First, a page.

Urban Beekeeping Mug

Yesterday, Father’s Day, my family surprised me with this homemade mug. They had conspired to co-create this bit of art for the past few days. I heard the hushed tones and I saw people and things quickly disappear when I approached. My new coffee mug says “Urban Beekeeper”.  My first thought when I saw it was that the coffee cup is really sweet and cute and thoughtful.  Then I remembered John Travolta, the Urban Cowboy, and his 1980 movie. These days we have urban lumberjacks (who cut and prune city trees) and urban farmers (backlot gardeners but also landscapers and groundskeepers), so why not the urban beekeeper? An Urban Cowboy is less easy to imagine – even if the cowboy is just maintaining mechanical bulls and riding them for trophy money, as happened in the movie. Though I live in Calgary, the home of the great Calgary Stampede and the heart of Canadian cowboy culture, I couldn’t tell you if my city has even a single mechanical bull. I’ve never seen one here. Maybe they all died out in the 1980s.  Mechanical bulls may be rare, but urban bees are not.

So, shall I be an Urban Beekeeper? I’ve gone without doing much beekeeping for the past little while, just helping friends and neighbours with their own colonies. But my wife and kids are encouraging me to move a hive into our backyard, hence the coffee mug. But an urban beekeeper?  I used to be an entirely rural person – born a farm boy, I’ve owned swampland in Florida and some aspen forest in northern Saskatchewan. For quite a few years, my home was perched at the edge of a sea of grasslands on the prairie. On all of those places, I’d kept hundreds of hives.  But now I’m in a city with a million neighbours, so the moniker and a single colony is appropriate.

Calgary, with some potential bee yards

I never thought the phenom of urban beekeeping would explode as it has. It conveys the welcome message that people (even in towns of more than a million) want to connect with nature. Urban beekeepers usually encourage their hometowns to provide more greenspace, more parks, more nectar-rich flowers, and less poison  – helping their own hive or two, but especially encouraging wild native bees. Today, there are more urban beekeepers keeping bees in our huge agricultural province (Alberta) than there are commercial beekeepers. Many of these folks are conscientious keepers and are supporting apiculture in a big way.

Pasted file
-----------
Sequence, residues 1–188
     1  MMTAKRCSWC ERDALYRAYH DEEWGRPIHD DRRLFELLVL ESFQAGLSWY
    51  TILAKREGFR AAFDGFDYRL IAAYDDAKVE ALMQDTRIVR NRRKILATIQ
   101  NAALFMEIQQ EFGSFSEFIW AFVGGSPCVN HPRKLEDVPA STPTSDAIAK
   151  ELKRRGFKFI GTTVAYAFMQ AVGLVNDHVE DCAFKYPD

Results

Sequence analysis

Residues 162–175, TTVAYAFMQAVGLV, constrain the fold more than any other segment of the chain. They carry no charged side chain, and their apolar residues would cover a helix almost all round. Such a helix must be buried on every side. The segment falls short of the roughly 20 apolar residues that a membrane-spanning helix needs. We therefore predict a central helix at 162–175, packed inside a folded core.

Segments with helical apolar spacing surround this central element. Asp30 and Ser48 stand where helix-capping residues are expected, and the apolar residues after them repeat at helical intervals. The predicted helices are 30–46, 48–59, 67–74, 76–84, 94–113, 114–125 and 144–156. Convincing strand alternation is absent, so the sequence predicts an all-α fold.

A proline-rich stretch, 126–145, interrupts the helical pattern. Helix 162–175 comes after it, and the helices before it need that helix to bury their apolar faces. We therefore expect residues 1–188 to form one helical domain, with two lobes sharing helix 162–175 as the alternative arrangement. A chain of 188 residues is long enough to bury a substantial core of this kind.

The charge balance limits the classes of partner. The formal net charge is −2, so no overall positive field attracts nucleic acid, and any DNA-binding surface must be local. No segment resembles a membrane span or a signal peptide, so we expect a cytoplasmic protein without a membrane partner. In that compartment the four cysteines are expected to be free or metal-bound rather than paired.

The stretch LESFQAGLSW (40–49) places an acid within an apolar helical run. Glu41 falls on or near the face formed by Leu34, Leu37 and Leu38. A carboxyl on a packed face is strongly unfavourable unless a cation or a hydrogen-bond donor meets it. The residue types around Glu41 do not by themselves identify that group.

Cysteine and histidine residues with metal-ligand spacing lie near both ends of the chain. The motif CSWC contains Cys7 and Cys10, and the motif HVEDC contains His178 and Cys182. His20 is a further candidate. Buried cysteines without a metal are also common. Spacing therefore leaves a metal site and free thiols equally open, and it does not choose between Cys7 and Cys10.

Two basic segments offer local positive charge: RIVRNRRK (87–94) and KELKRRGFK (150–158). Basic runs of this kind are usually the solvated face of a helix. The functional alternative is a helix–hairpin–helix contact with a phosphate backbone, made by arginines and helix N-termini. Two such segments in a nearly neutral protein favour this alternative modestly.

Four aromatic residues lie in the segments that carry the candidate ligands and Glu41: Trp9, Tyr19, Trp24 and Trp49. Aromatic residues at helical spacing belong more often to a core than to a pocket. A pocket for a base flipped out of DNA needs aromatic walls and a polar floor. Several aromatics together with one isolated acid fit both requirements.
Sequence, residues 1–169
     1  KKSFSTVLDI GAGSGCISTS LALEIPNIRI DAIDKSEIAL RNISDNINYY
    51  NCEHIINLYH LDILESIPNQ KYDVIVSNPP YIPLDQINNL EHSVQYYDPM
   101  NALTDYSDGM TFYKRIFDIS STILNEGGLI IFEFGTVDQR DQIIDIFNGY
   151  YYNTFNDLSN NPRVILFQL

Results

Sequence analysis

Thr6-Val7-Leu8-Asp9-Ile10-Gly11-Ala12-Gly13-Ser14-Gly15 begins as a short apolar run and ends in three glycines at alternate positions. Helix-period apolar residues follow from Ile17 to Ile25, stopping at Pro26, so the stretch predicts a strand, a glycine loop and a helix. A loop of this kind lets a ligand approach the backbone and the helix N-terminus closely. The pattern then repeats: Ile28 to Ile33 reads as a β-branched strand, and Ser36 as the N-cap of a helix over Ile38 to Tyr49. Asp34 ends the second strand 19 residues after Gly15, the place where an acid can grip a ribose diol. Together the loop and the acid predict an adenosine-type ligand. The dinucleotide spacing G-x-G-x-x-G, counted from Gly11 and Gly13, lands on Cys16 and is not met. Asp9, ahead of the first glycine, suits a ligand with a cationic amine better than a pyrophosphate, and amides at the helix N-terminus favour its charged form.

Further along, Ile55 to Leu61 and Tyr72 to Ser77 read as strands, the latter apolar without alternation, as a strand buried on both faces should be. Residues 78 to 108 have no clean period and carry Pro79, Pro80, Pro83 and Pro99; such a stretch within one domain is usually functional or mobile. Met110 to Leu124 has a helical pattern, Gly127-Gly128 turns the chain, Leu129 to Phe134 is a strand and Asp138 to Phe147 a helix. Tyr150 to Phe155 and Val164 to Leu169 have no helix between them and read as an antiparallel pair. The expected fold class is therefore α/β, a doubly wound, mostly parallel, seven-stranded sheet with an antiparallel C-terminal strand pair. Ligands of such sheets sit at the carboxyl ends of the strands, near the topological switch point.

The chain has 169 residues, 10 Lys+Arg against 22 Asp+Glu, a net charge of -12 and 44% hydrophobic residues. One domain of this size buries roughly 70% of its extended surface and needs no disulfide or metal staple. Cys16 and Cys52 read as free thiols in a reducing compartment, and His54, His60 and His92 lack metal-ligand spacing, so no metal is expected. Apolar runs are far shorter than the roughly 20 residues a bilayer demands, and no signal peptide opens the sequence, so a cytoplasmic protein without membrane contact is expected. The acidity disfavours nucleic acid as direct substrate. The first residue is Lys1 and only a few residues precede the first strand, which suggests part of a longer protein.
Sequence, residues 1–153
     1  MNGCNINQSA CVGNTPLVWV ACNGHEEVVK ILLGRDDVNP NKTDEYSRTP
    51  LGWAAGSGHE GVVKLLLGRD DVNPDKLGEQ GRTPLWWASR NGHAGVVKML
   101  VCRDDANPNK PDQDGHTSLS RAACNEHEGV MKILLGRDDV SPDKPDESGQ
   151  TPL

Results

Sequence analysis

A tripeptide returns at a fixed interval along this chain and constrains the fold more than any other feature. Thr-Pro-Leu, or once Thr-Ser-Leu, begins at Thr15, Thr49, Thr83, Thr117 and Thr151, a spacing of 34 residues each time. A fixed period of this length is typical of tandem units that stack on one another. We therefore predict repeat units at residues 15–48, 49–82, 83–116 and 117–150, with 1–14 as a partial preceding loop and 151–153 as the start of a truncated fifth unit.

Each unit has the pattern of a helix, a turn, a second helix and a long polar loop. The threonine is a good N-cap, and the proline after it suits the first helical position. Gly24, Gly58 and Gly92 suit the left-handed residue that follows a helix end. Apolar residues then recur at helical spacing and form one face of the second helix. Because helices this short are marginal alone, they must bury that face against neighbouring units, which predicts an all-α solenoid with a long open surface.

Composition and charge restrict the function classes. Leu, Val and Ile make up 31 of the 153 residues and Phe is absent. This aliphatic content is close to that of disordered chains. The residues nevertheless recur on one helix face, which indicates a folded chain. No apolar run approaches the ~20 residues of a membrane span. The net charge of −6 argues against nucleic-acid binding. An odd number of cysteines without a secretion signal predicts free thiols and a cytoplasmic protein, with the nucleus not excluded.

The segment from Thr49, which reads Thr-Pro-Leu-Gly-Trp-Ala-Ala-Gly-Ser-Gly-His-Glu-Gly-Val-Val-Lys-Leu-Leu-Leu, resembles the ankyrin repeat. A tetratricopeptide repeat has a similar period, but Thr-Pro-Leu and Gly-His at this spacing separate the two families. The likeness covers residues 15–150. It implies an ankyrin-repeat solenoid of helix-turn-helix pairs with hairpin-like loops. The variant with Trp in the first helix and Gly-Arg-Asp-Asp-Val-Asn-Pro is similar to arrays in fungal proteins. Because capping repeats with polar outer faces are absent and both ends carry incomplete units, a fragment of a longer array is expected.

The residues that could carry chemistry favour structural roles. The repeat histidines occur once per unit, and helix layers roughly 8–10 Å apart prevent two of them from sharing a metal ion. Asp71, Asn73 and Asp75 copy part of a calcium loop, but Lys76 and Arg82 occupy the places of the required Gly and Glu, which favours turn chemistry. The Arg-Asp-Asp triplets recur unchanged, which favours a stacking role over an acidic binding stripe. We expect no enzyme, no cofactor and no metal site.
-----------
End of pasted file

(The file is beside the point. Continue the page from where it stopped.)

When I get around to setting up my backyard hive, the bees will have to share their spot with rabbits, coyotes, and deer which sometimes wander through here. The hive will sit almost exactly were this fawn is in the picture below. It’s sheltered from wind, sloping, and south-facing. In our area, bees in town make less honey than those out on the range. But that’s OK with me –  massive honey production is no longer my goal. I’ll be satisfied with two or three hundred pounds from a single backyard hive every year. My biggest bonus will be the short ten-metre commute for me when I visit my urban beefriends.

About Ron Miksha

Ron Miksha is a geophysicist who also does a bit of science writing and blogging. Ron has worked as a radio broadcaster, a beekeeper, and is based in Calgary, Alberta, Canada. He has written two books, dozens of magazine and journal articles, and complements his first book, Bad Beekeeping, with a popular blog at www.badbeekeeping.com. Ron wrote his most recent book, The Mountain Mystery, for everyone who has looked at a mountain and wondered what miracles of nature set it upon the landscape. For more about Ron, including some cool pictures taken when he was a teenager, please check Ron's site: miksha.com.